SunEdison announced a US$2.2 billion deal this week to acquire Vivint Solar, the second-biggest installer of residential solar in the United States, in a development that underscored the large scale and high stakes in the U.S. solar industry.
“With Vivint Solar, we’re tripling our value,” CEO Ahmad Chatila said, during an investors’ call, adding that renewable energy is already growing at the same pace as fossil fuels. Industry-wide, “we’re adding a large oil company in value each year,” he noted. “A lot of people don’t realize that.”
“We are building the next generation of the biggest energy companies on earth,” Chief Strategy Officer Julie Blunden told Greentech. “We’re not waiting to find out who they’ll be. We want it to be us.”
The Vivint acquisition brought SunEdison 523 megawatts of rooftop solar projects that will generate US$630 million in revenue through 2019 for investors in TerraForm, SunEdison’s YieldCo.
And that wasn’t the beginning or the end of SunEdison’s buying spree, CleanTechnica reported late last night. The day after the Vivint deal, “SunEdison announced it would be acquiring Mark Group, a British-based leading full-service energy solutions provider, and an existing SunEdison solar sales and installation partner. This acquisition opens up a direct line of sale into the UK residential and commercial solar business,” with access to about two million customers, writes correspondent Joshua S. Hill.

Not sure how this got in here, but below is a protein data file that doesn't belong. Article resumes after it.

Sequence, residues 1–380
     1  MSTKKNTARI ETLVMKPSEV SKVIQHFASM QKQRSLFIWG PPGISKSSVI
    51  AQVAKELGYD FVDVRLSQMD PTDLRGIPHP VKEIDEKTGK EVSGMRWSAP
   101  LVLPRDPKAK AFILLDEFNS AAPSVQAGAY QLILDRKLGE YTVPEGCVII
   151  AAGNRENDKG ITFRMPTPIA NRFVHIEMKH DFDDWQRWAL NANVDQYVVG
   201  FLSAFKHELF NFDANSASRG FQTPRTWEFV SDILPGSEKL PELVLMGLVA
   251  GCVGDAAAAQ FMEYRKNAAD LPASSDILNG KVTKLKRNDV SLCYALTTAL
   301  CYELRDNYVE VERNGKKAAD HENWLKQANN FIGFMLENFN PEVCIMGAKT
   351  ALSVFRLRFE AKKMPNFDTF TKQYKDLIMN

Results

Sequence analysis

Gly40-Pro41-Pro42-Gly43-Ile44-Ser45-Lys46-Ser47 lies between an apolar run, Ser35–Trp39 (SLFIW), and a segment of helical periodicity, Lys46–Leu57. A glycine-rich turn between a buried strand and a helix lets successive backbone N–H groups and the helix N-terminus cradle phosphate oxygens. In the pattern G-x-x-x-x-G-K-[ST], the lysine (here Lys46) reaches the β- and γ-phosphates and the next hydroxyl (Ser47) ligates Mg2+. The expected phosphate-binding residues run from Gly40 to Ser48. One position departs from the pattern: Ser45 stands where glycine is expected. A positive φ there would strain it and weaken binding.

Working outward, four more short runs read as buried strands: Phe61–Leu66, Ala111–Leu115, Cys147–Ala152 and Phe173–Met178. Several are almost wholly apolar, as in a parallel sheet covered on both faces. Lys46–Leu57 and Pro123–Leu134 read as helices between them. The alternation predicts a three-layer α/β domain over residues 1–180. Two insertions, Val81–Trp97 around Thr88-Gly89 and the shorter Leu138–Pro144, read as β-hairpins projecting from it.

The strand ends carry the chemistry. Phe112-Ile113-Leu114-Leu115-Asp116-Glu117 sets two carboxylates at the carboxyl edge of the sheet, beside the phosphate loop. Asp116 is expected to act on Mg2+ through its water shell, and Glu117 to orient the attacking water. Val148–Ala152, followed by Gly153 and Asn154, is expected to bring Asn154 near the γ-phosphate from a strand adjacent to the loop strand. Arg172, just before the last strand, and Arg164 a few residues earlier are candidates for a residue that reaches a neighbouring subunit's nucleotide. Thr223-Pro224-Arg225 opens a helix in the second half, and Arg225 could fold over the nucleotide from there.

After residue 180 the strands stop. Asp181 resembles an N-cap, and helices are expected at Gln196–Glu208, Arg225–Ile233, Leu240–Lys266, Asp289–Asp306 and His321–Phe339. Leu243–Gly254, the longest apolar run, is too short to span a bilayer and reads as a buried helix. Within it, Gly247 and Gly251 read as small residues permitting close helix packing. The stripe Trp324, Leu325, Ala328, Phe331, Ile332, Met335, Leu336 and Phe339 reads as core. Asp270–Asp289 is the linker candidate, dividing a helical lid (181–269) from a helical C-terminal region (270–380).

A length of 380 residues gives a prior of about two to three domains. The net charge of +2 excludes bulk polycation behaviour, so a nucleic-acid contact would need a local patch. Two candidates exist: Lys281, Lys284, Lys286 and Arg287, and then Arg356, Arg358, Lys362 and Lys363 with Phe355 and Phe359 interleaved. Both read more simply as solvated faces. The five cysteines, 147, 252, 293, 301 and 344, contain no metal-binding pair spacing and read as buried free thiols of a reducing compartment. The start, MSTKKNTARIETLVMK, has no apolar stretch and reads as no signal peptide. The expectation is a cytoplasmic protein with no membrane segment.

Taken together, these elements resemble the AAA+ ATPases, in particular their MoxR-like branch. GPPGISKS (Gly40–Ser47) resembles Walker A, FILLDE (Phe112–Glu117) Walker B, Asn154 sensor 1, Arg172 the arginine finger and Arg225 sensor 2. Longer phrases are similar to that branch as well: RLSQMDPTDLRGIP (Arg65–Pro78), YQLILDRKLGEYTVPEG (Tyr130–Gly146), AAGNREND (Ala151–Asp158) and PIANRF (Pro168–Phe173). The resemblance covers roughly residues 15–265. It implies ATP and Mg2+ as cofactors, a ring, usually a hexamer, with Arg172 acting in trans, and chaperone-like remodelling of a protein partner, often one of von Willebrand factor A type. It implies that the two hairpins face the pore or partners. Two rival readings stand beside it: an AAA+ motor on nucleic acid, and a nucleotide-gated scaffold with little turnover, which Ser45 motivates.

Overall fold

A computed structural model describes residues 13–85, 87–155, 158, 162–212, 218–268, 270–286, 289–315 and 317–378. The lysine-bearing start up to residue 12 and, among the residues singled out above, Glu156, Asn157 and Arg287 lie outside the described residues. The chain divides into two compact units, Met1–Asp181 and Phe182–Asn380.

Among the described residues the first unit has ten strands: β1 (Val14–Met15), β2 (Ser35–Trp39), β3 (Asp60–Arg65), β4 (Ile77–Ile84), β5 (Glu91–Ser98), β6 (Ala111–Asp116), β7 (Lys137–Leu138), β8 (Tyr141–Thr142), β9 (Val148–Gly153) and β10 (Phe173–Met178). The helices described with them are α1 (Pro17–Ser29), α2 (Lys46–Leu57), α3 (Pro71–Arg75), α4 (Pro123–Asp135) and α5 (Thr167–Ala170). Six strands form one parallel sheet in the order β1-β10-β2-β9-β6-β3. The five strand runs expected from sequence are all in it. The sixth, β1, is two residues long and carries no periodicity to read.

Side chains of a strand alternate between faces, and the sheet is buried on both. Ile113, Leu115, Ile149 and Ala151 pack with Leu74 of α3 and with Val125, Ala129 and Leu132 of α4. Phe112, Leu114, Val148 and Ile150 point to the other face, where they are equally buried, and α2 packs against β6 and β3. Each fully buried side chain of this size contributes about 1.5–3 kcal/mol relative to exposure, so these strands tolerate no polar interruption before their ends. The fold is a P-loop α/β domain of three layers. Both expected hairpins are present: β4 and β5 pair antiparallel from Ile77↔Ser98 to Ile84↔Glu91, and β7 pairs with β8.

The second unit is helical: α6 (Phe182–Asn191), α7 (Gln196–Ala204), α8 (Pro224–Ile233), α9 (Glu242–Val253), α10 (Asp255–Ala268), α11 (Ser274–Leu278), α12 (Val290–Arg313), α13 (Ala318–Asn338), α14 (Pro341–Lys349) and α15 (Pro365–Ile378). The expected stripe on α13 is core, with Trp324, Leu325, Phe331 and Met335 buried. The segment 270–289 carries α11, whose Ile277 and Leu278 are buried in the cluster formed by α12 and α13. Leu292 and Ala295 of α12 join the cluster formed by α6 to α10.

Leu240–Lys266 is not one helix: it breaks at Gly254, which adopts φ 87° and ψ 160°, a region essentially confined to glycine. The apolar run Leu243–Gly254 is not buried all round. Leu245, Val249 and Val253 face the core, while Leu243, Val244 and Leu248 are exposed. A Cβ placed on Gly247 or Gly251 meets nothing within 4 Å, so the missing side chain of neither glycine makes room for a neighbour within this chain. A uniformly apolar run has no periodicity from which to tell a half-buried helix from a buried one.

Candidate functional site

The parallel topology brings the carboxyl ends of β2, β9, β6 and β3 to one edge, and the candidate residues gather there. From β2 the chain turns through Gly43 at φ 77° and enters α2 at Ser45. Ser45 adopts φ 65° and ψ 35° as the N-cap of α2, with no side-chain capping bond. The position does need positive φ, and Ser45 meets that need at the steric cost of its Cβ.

“In the second quarter alone, SunEdison initiated the acquisition of India-based Continuum Wind Energy and the Central American Globeleq Mesoamerica Energy (GME),” Hill adds. “On top of that, SunEdison and TerraForm acquired a 521 MW wind energy portfolio from Atlantic Power, and a 930 MW wind energy portfolio from Invenergy.”
With plans to build more than a gigawatt of new renewable electricity per quarter, “SunEdison’s top executives are framing the [Vivint] deal as part of an aggressive strategy to rival the world’s top energy players, including oil majors and utilities,” Greentech reports. SunEdison “has struggled to find its place in the residential PV sector,” but the Vivint acquisition gives it “the best door-to-door solar sales team in the country and one of the largest residential pipelines, behind SolarCity and Sunrun.”